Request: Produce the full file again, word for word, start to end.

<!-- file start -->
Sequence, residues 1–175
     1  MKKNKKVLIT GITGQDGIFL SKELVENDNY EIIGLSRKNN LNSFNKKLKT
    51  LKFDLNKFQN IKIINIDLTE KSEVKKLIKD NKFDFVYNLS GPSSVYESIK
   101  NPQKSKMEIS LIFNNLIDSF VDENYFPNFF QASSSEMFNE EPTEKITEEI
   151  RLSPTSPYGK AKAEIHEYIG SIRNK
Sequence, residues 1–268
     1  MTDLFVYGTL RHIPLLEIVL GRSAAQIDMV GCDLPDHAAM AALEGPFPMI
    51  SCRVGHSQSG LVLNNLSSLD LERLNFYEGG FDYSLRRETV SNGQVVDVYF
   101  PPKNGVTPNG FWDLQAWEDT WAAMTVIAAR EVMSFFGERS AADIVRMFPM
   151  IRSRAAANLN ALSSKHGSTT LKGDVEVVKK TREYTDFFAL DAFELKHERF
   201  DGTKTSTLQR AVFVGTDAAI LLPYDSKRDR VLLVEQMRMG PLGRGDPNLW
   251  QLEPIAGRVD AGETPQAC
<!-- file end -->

Sequence, residues 1–175
     1  MKKNKKVLIT GITGQDGIFL SKELVENDNY EIIGLSRKNN LNSFNKKLKT
    51  LKFDLNKFQN IKIINIDLTE KSEVKKLIKD NKFDFVYNLS GPSSVYESIK
   101  NPQKSKMEIS LIFNNLIDSF VDENYFPNFF QASSSEMFNE EPTEKITEEI
   151  RLSPTSPYGK AKAEIHEYIG SIRNK
Sequence, residues 1–268
     1  MTDLFVYGTL RHIPLLEIVL GRSAAQIDMV GCDLPDHAAM AALEGPFPMI
    51  SCRVGHSQSG LVLNNLSSLD LERLNFYEGG FDYSLRRETV SNGQVVDVYF
   101  PPKNGVTPNG FWDLQAWEDT WAAMTVIAAR EVMSFFGERS AADIVRMFPM
   151  IRSRAAANLN ALSSKHGSTT LKGDVEVVKK TREYTDFFAL DAFELKHERF
   201  DGTKTSTLQR AVFVGTDAAI LLPYDSKRDR VLLVEQMRMG PLGRGDPNLW
   251  QLEPIAGRVD AGETPQAC